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ST. LOUIS — Matt Adams homered in the 16th inning to lead the Cardinals to a 4-3 win over the Los Angeles Dodgers on Friday night for St. Louis’ season-best fifth straight victory.

It was the second consecutive game that the Cardinals won in their final at-bat. They beat the Padres on Thursday after scoring a run in the ninth inning.

Adams homer came with one out off Bud Norris (5-9), who gave up six runs as a starter in an 8-1 loss at Washington on Wednesday.

Seth Maness (1-2) picked up the win with a scoreless inning of relief for St. Louis, which was playing its longest game of the season.

Jedd Gyorko hit a two-out homer off closer Kenley Jansen in the ninth to tie the game 3-3.

Justin Turner and Howie Kendrick homered for the Dodgers. Los Angeles has lost four of six. The red-hot Turner has seven homers and 17 RBI this month. He hit two homers in a 6-3 win over Washington on Thursday.

Turner blasted his career-high 18th homer of the season off Seung Hwan Oh in the ninth to break a 2-2 tie.

Corey Seager had four hits and drove in the first run of the game. He had hit in seven successive at-bats before flying out in the ninth.

Kendrick’s solo shot in the sixth tied the game 2-2. He has hit in 14 successive games trying Colorado’s Charlie Blackmon for the longest current streak in the majors.

Los Angeles starter Brandon McCarthy allowed one hit and two runs over 6 1-3 innings, the longest of his four starts this season. He left with leg cramps. McCarthy struck out four and walked three.

St. Louis starter Michael Wacha allowed two runs on 10 hits in six innings. He struck out four and walked one.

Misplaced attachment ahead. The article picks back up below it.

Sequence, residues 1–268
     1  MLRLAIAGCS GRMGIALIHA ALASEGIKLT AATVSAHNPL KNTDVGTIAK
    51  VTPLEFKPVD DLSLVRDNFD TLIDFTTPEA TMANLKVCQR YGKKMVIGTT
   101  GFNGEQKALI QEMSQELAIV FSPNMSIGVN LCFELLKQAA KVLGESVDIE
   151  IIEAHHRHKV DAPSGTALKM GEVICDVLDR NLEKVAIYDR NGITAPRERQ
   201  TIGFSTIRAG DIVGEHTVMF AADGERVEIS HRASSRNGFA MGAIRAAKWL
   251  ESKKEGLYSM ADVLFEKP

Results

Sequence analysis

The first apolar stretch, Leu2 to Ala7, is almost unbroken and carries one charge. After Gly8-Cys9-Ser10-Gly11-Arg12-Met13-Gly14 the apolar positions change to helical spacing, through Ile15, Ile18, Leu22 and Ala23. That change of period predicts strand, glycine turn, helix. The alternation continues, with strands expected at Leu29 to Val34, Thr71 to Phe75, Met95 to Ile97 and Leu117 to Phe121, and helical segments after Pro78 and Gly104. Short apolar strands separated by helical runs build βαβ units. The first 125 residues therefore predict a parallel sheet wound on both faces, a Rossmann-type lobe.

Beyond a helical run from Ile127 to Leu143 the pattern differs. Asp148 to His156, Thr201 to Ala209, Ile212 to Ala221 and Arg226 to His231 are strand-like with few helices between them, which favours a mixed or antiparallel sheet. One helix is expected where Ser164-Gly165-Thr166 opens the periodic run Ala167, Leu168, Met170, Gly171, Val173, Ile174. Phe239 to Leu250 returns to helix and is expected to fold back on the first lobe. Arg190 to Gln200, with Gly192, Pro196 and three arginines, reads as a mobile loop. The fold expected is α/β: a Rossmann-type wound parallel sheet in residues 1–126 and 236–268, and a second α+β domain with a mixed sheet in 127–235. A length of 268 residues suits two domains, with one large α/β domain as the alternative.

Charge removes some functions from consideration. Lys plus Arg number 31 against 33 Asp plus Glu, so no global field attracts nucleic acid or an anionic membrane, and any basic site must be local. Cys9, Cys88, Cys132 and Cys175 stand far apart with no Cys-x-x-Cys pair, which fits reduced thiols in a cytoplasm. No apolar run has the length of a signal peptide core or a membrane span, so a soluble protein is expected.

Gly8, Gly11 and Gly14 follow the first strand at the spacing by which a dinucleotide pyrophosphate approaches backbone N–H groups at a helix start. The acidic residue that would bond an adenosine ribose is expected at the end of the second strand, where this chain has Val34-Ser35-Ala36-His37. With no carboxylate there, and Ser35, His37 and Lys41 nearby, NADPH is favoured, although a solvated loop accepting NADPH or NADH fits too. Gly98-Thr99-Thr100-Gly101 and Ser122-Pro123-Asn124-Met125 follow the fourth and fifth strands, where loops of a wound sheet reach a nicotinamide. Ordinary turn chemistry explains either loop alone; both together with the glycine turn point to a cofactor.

Dodgers reliever Adam Liberatore recorded his 28th successive scoreless outing by retiring two of four batters in the seventh. He has not allowed a run in 41 of 42 appearances this season.

Minor League Players’ Wage Suit against Major League Baseball suffers a huge setback

The judge's gavel is seen in court room 422 of the New York Supreme Court at 60 Centre Street February 3, 2012. REUTERS/Chip East
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A judge handed minor leaguers looking to hold Major League Baseball liable for underpaying and exploiting them a huge setback today, ruling that the case cannot go forward as a class action. Minor leaguers who want to sue over their pay and treatment still can, but they’ll have to do it individually. The ruling saps the minor leaguers of their leverage, as Major League Baseball would likely be able to fend off individual cases which, by themselves, might only amount to several thousand dollars per claim.

The background: in 2014, former Miami Marlins player Aaron Senne sued Major League Baseball, Bud Selig, and three major league clubs claiming that minor leaguers are underpaid and exploited in violation of the Fair Labor Standards Act. He was later joined by former Royals minor leaguer Michael Liberto and Giants farmhand Oliver Odle. Eventually others joined and the suit had been expanded to 22 teams as defendants.

The upshot of the case is that, while the minor league season lasts only part of the year, players are required to do all sorts of things outside of merely playing games for which they are not compensated. Training, meetings, appearances and the like. When all of that time is added up, the players claim, their already low salaries are effectively far below minimum wage in violation of the law. Major League Baseball has countered this by claiming that minor leaguers are basically part time seasonal workers — like landscapers and pool boys — who are not subject to federal labor laws.

Last year the judge gave the case conditional certification, allowing the players to try to establish that it should go forward as a class action. This would streamline the case from the plaintiffs’ perspective and give them the power of collective action by asserting hundreds or more similar cases into one proceeding. The judge’s ruling today, however, was that the cases really weren’t factually similar and thus collective action was not appropriate because figuring out how many hours each player worked and what was required of him varied too greatly among the players.